A small selection of accredited colleges offer specialized coursework and hands on training leading to a degree in American Sign Language. ASL is one of the primary languages deaf Americans use to communicate. ASL ranks fourth in terms of commonly used languages, according to the National Institute on Deafness and other Communication Disorders. (See References 1) Schools with this major provide in-depth training in ASL, an intricate set of hand signs, facial expressions and body movements, for those interested in mastering the language to become professional interpreters.
Gallaudet University in Washington D.C., founded in 1864 by an act of Congress, is one of the world's foremost institutions for deaf students. The school's department of ASL and Deaf Studies offers a bachelor of arts degree in ASL that requires 120 credits. Required pre-major courses include an introduction to deaf studies class and an introduction to the structure of ASL. Normal course study will include comparative analysis between ASL and English, ASL literature, introduction to ASL instruction and finger spelling and ASL number theory and practice.
Gallaudet University 800 Florida Ave NE Washington DC, 20002 866-563-8896 (videophone) 800-995-0550 (tty/voice) gallaudet.edu
Keuka College in Keuka Park, New York, is a private liberal arts college that offers 36 majors including a bachelor's of science degree in ASL. Keuka College's program focuses on ASL study as a foreign language with courses in communication, linguistics and deaf culture. The school trains students for work as interpreters, focusing specifically on them passing the first level of the National Registry of Interpreters for the Deaf certification test. The program also offers an ASL lab, six levels of ASL courses and more than 600 hours of field experience. Course work includes classes such as introduction to the deaf community, basic ASL, deaf literature, introduction to interpreting and advanced study in ASL.
Keuka College 141 Central Avenue Keuka Park, New York 14478 315-279-5000 keuka.edu
Western Oregon University
Western Oregon University in Monmouth's bachelor of arts and bachelor of science degree programs in ASL, were fully accredited as of March 31, 2010. The program combines ASL and English interpreting into one degree and features training in linguistics, sociology, education and anthropology. Graduating students will be prepared to work as professional interpreters, but will have also received a liberal arts education. Coursework includes theory and process of interpreting, deaf and blind interpreting, ASL linguistics and language and communication in the classroom.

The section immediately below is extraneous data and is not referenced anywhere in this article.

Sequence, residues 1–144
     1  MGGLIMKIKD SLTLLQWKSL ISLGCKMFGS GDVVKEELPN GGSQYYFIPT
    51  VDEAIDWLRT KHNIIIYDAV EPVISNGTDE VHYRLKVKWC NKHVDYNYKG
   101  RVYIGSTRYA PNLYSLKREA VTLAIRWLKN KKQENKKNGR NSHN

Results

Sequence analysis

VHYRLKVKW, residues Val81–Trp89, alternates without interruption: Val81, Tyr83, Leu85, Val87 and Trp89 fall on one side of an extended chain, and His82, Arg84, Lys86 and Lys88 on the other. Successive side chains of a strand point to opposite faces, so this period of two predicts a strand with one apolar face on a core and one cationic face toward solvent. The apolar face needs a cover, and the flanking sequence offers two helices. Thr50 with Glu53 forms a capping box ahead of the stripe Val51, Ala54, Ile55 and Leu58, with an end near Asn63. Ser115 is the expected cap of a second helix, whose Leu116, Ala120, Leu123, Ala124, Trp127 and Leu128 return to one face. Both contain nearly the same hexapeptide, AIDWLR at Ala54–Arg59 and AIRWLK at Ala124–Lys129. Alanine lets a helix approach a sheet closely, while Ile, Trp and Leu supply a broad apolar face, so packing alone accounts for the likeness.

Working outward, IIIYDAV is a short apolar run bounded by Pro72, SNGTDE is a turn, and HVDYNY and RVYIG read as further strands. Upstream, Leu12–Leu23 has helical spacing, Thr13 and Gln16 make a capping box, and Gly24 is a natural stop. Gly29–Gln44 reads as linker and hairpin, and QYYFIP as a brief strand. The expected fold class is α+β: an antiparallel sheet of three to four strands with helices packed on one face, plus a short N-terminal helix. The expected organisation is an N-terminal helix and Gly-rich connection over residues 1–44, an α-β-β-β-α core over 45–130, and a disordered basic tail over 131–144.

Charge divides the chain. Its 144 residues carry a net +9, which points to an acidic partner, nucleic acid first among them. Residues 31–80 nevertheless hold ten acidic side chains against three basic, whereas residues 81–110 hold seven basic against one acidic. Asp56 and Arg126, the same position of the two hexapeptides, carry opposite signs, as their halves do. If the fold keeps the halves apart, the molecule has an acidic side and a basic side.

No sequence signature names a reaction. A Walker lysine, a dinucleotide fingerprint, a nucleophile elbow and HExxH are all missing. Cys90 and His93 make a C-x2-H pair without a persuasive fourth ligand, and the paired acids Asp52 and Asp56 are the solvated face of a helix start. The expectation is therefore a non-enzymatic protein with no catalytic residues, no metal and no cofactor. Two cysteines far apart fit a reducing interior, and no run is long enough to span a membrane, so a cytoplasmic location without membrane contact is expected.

Western Oregon University 345 N. Monmouth Avenue Monmouth, Oregon 97361 503-838-8000(voice/tty) 877-877-1593 wou.edu
Northeastern University in Boston, Massachusetts, offers a bachelor's degree in ASL and English Interpreting. The program focuses on students' gaining a thorough knowledge of ASL in order to become interpreters and gain knowledge of the deaf American culture. While providing a concentration on ASL, the program also features a broad-based curriculum and strongly recommends that students minor in a liberal arts discipline. Course requirements include such classes as deaf people in society, elementary ASL, college algebra, deaf culture and history, linguistics of ASL and performance interpreting. One distinguishing feature of Northeastern's program is that all the instructors for ASL language courses are deaf, allowing students direct access to the deaf community.
Northeastern University American Sign Language Program 360 Huntington Avenue 405 Meserve Hall Boston, Massachusetts 02115 800-994-5538 (voice) 857-366-4198 (videophone) asl.neu.edu
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